Having carried on my work thus far with so little obligation to any favourer of learning, I shall not be disappointed though I should conclude it, if less be possible, with less; for I have long been wakened from that dream of hope, in which I once boasted myself with so much exultation. My lord, your lordship's most humble, most obedient servant,
DAVID HUME was born at Edinburgh in 1711, and died there in 1776. His father was a small Scottish laird of the great Border clan of Home or Hume. His mother was a daughter of Sir David Falconer, President of the College of Justice. She was a woman of singular merit; and being left a widow with several young children, devoted herself to their education. David, the second son, was left with a very slender inheritance, and it was resolved that he should try his fortunes at the law. But this study was distasteful to him, and for a few months he entered the house of a merchant at Bristol. Trade, however, he disliked even more than law, and at twenty-three he resolved to devote his life to philosophy and literature. For the next three years he lived with great frugality in a French country town, where he wrote his Treatise on Human Nature, and then came to London to publish it. At his brother's house in Scotland he heard that it had fallen 'dead-born from the press.' He continued to reside with his brother for some years, and in 1742 published the first part of his Essays, which were received somewhat more favourably. His studious habits were a few years later interrupted by an engagement to serve as secretary to General Sinclair, during that officer's military embassy to Vienna and Turin. Returning to his brother's hospitable house, he published in 1751 the second part of his Essays, and recast the first part. This first part related to the Principles of Morals, and he considered it his best work; but it failed to achieve so high a place in popular esteem as the political discourses which formed the second part.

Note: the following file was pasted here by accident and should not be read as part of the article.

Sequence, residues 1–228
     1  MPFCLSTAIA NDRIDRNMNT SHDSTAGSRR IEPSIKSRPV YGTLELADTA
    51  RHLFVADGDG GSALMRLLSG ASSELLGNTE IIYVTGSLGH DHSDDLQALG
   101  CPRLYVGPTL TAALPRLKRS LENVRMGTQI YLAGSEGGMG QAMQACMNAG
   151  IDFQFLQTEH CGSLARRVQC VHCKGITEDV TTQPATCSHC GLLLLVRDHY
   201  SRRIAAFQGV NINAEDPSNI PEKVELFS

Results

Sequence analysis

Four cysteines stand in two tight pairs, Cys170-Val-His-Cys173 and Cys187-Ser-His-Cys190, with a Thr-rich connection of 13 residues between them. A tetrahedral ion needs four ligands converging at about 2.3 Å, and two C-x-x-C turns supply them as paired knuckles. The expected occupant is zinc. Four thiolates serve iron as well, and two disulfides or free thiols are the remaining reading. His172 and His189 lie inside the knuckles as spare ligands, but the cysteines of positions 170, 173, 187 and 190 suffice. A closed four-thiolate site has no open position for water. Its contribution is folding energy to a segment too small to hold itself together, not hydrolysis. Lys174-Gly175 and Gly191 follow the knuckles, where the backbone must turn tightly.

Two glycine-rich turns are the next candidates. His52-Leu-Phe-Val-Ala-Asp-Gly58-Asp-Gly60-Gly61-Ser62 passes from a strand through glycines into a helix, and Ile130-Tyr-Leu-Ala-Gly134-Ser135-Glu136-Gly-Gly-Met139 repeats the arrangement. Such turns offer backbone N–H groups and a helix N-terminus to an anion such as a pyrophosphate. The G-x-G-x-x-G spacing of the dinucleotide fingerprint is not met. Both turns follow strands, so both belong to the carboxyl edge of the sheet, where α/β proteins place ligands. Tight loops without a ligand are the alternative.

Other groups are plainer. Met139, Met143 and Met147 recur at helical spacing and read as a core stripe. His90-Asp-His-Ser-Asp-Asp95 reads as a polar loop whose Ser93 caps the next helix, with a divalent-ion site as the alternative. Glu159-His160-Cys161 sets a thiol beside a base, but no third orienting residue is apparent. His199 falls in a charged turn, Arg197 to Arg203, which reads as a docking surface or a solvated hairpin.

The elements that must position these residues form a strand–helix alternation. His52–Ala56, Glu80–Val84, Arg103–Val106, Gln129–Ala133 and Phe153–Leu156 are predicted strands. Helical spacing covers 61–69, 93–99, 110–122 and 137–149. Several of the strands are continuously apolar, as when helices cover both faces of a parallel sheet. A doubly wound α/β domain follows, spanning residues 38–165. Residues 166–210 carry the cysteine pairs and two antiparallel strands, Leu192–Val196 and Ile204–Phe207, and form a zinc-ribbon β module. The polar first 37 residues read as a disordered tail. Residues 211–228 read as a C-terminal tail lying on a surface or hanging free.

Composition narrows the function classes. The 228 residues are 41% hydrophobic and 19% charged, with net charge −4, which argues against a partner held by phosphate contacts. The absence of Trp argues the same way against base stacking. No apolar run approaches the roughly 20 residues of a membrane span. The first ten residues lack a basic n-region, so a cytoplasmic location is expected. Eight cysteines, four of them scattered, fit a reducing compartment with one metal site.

He now made Edinburgh his head-quarters, and being appointed Librarian to the Faculty of Advocates, obtained what he chiefly valued, a great command of books. This led him to historical studies; and in 1754 he published his History of Charles I. But his first trial in this department met with no encouragement; in twelve months only forty-five copies were sold. Notwithstanding, in two years' time he put out a continuation of the History of the Stuarts, from the Death of Charles I to the Revolution of 1688; and this volume had much greater success. Partly by this history, but still more by the Natural History of Religion, which appeared about the same time, he gained a character for irreligion. In the following year he completed his History of England; the House of Tudor furnishing the subject of his next volumes, and the Early Annals being published last in order.
His name had now become famous; and in 1763, when he visited Paris as attached to Lord Hertford's Embassy, he was received by the literary society of that city with extraordinary enthusiasm. Returning to England in 1766, he was appointed Under-Secretary of State by General Conway, brother of Lord Hertford, and served for two or three years in the Home Office. In 1769 he retired for the last time to Edinburgh, in the possession of a handsome income. But in 1775 he was attacked by a lingering disorder, which he bore with unfailing patience and cheerfulness tlll he died in his sixty-fifth year.
The philosophical opinions of this eminent man, especially in their bearing on theological subjects cannot be discussed in this place. The style in which he wrote reflects his character with great exactness: it is simple and luminous; not calculated to raise high admiration or greatly excite the feelings, but seldom failing to win the reader by its singular grace and unaffected
1. Eloquence in Ancient and Modern Times.
It is seldom or never found, when a false taste in poetry or eloquence prevails among any people, that it has been